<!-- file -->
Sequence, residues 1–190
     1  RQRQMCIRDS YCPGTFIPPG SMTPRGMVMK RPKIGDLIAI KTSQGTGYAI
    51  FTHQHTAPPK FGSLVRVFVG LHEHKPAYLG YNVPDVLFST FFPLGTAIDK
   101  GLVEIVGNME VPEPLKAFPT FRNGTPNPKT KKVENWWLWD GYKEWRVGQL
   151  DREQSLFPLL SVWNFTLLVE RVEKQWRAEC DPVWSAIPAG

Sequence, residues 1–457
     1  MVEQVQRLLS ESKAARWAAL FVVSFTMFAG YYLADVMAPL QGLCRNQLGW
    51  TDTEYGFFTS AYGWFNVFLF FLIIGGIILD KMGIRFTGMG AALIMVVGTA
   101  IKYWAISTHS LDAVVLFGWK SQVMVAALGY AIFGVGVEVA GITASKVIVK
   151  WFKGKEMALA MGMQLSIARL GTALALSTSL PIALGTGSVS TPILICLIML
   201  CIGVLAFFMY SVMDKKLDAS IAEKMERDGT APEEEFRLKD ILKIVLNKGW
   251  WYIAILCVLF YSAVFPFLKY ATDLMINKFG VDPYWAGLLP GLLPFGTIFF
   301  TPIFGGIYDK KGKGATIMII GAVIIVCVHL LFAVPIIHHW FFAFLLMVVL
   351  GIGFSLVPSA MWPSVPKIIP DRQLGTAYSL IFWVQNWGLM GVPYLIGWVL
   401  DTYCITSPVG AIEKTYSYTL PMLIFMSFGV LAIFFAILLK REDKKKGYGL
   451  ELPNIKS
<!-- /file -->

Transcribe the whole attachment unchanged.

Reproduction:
Sequence, residues 1–190
     1  RQRQMCIRDS YCPGTFIPPG SMTPRGMVMK RPKIGDLIAI KTSQGTGYAI
    51  FTHQHTAPPK FGSLVRVFVG LHEHKPAYLG YNVPDVLFST FFPLGTAIDK
   101  GLVEIVGNME VPEPLKAFPT FRNGTPNPKT KKVENWWLWD GYKEWRVGQL
   151  DREQSLFPLL SVWNFTLLVE RVEKQWRAEC DPVWSAIPAG

Sequence, residues 1–457
     1  MVEQVQRLLS ESKAARWAAL FVVSFTMFAG YYLADVMAPL QGLCRNQLGW
    51  TDTEYGFFTS AYGWFNVFLF FLIIGGIILD KMGIRFTGMG AALIMVVGTA
   101  IKYWAISTHS LDAVVLFGWK SQVMVAALGY AIFGVGVEVA GITASKVIVK
   151  WFKGKEMALA MGMQLSIARL GTALALSTSL PIALGTGSVS TPILICLIML
   201  CIGVLAFFMY SVMDKKLDAS IAEKMERDGT APEEEFRLKD ILKIVLNKGW
   251  WYIAILCVLF YSAVFPFLKY ATDLMINKFG VDPYWAGLLP GLLPFGTIFF
   301  TPIFGGIYDK KGKGATIMII GAVIIVCVHL LFAVPIIHHW FFAFLLMVVL
   351  GIGFSLVPSA MWPSVPKIIP DRQLGTAYSL IFWVQNWGLM GVPYLIGWVL
   401  DTYCITSPVG AIEKTYSYTL PMLIFMSFGV LAIFFAILLK REDKKKGYGL
   451  ELPNIKS